There are various types of trusts. The most common type of trust is referred to as a "revocable living trust." Revocable living trusts are created for a variety of reasons, including:

  1. The avoidance of probate
  2. The minimization or elimination of estate taxes
  3. The protection of assets for minors or disabled individuals
  4. Planning for second marriages
  5. To provide a means for managing your affairs should you become disabled

Unlike wills, trusts are private, and generally do not require the involvement of a probate court judge unless there is a dispute about its validity or its administration. Trusts are also more flexible than wills in carrying out your ultimate wishes; this is especially true if you have minor children.

With a revocable living trust, you are the trustee during your lifetime or until you become disabled. You may amend the trust at any time. You may add property to the trust or withdraw property from the trust as you wish. During your lifetime, you are treated as the owner of the property in the trust and you are taxed on the property, not the trust.

Upon your death, resignation, or incapacity, the person you have named as your successor trustee becomes the trustee, in charge of carrying out your wishes as expressed in the trust agreement.

Michigan has a trust code which governs the validity and administration of trusts. Most provisions in the trust code can be altered by your personal trust agreement, which is why it is important to consult with an attorney who is familiar with the trust code when preparing a trust. An attorney can also advise you as to whether another type of trust would be beneficial.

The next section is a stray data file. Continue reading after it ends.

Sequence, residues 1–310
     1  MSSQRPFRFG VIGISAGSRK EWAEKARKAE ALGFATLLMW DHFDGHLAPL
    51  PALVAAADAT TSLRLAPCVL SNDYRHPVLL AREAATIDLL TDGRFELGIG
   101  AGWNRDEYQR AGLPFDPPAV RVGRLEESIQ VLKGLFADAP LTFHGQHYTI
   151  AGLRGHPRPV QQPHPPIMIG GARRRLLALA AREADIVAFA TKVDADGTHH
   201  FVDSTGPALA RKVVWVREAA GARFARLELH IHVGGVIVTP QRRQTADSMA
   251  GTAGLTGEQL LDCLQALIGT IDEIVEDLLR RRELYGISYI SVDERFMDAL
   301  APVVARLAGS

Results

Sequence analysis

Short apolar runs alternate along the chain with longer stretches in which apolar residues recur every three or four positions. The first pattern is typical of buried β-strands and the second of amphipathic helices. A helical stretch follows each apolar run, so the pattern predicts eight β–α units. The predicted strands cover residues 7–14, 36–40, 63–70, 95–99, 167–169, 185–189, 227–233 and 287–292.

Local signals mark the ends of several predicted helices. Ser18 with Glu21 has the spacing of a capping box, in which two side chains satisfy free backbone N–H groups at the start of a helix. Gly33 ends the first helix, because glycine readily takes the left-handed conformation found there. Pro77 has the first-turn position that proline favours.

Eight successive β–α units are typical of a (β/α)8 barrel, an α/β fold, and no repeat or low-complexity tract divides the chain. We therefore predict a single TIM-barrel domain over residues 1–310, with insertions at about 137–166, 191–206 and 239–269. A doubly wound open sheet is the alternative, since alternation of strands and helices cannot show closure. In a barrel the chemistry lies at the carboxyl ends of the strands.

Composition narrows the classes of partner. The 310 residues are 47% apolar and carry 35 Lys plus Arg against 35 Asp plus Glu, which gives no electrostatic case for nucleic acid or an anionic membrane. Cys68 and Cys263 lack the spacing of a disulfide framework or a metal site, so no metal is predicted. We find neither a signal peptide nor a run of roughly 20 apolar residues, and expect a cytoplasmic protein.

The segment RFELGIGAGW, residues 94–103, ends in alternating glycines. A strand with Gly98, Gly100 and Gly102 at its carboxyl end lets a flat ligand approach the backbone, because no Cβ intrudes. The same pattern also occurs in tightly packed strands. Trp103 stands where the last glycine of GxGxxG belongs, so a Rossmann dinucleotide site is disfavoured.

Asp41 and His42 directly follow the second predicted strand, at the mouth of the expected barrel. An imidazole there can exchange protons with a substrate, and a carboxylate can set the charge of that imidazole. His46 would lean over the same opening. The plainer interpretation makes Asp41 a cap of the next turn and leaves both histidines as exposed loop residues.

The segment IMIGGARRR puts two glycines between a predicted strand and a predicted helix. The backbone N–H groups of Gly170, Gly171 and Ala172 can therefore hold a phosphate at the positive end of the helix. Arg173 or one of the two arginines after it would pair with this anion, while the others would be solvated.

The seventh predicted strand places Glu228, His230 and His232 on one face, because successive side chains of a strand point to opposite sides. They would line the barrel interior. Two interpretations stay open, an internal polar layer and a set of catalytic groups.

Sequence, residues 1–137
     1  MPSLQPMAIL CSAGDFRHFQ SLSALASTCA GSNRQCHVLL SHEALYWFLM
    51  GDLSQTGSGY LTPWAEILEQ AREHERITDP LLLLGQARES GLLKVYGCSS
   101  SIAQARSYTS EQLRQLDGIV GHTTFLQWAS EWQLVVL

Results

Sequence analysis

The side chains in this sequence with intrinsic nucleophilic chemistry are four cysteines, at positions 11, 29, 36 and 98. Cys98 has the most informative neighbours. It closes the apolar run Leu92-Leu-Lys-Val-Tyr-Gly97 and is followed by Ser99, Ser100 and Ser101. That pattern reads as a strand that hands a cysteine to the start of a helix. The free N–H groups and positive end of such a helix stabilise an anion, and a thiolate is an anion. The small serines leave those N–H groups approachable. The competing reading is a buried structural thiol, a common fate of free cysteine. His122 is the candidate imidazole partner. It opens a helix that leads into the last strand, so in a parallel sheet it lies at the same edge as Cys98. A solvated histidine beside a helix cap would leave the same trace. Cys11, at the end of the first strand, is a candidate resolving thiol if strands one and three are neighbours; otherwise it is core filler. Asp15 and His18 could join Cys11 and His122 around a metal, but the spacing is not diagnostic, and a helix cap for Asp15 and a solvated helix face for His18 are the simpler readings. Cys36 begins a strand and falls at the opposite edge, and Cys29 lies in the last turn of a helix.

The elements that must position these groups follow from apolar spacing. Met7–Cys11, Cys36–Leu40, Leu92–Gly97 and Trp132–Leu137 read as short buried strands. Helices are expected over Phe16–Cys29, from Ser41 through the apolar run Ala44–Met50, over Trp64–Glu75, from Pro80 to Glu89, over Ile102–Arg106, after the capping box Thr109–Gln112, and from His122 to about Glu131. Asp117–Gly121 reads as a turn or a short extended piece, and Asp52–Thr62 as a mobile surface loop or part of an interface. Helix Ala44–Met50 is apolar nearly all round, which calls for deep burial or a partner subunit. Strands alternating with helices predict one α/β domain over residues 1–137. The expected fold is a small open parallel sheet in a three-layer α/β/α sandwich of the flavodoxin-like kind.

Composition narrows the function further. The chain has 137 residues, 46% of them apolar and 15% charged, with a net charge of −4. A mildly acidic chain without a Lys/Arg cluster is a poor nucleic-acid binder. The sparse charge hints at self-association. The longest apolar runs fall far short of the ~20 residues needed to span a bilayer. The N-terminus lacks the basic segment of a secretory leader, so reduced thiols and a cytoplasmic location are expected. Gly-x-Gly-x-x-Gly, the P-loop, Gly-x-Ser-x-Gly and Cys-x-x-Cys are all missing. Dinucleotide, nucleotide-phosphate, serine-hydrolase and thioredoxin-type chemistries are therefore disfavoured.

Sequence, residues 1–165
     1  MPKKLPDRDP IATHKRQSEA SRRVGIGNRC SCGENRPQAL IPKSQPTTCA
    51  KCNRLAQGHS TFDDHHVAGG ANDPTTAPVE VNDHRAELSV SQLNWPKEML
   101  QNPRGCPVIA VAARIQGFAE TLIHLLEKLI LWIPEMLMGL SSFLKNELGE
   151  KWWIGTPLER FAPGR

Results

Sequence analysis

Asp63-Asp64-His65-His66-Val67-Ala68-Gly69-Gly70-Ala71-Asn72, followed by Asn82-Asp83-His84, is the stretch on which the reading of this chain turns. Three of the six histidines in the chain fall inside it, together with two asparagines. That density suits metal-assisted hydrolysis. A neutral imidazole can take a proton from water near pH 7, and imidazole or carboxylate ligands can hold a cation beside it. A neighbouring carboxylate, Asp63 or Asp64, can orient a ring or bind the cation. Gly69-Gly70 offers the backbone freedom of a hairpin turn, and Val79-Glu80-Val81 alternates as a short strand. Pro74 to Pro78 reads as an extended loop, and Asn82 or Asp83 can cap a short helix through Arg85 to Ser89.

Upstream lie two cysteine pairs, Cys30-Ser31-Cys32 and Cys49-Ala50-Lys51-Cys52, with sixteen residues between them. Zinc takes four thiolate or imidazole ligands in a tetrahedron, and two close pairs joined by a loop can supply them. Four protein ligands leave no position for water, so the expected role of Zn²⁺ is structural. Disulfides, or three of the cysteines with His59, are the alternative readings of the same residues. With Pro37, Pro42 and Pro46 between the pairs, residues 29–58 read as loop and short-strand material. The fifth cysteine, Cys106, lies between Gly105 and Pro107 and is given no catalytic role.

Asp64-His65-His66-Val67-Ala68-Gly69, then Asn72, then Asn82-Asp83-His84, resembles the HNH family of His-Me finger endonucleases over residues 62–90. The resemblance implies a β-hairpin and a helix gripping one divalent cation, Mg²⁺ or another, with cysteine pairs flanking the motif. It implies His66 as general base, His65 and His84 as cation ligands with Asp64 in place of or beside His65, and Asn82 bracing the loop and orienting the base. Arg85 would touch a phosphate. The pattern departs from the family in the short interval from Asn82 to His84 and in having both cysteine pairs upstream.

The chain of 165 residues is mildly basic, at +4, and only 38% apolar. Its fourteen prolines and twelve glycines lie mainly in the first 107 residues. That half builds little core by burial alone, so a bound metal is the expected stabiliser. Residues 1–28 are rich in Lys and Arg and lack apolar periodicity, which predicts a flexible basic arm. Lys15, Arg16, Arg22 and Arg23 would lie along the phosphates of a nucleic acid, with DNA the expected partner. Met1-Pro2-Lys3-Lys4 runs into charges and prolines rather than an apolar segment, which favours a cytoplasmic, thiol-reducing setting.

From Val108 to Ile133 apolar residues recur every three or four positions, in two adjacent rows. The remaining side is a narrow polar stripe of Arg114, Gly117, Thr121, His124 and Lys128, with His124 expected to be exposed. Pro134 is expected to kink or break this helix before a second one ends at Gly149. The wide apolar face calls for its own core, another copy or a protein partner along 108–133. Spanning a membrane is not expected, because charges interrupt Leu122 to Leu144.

If you have a trust, it is important to properly fund the trust both during your lifetime and upon death, meaning transfer the appropriate property to the trust during your lifetime and generally designate the trust as a primary or secondary beneficiary of your IRA, 401(k), life insurance and similar assets. If you don't properly fund your trust, then you will not avoid probate and may not realize the tax benefits associated with a trust; nor will the trust protect your assets should you become disabled. When funding a trust, it is advisable to seek professional advice because improper funding can have unintended income tax consequences for you and/or your estate.

If you wish to learn more about the benefits of a trust, wish to learn more about the other types of trusts that are available, or have questions concerning the funding of a trust, call us for a free consultation (888-526-4489).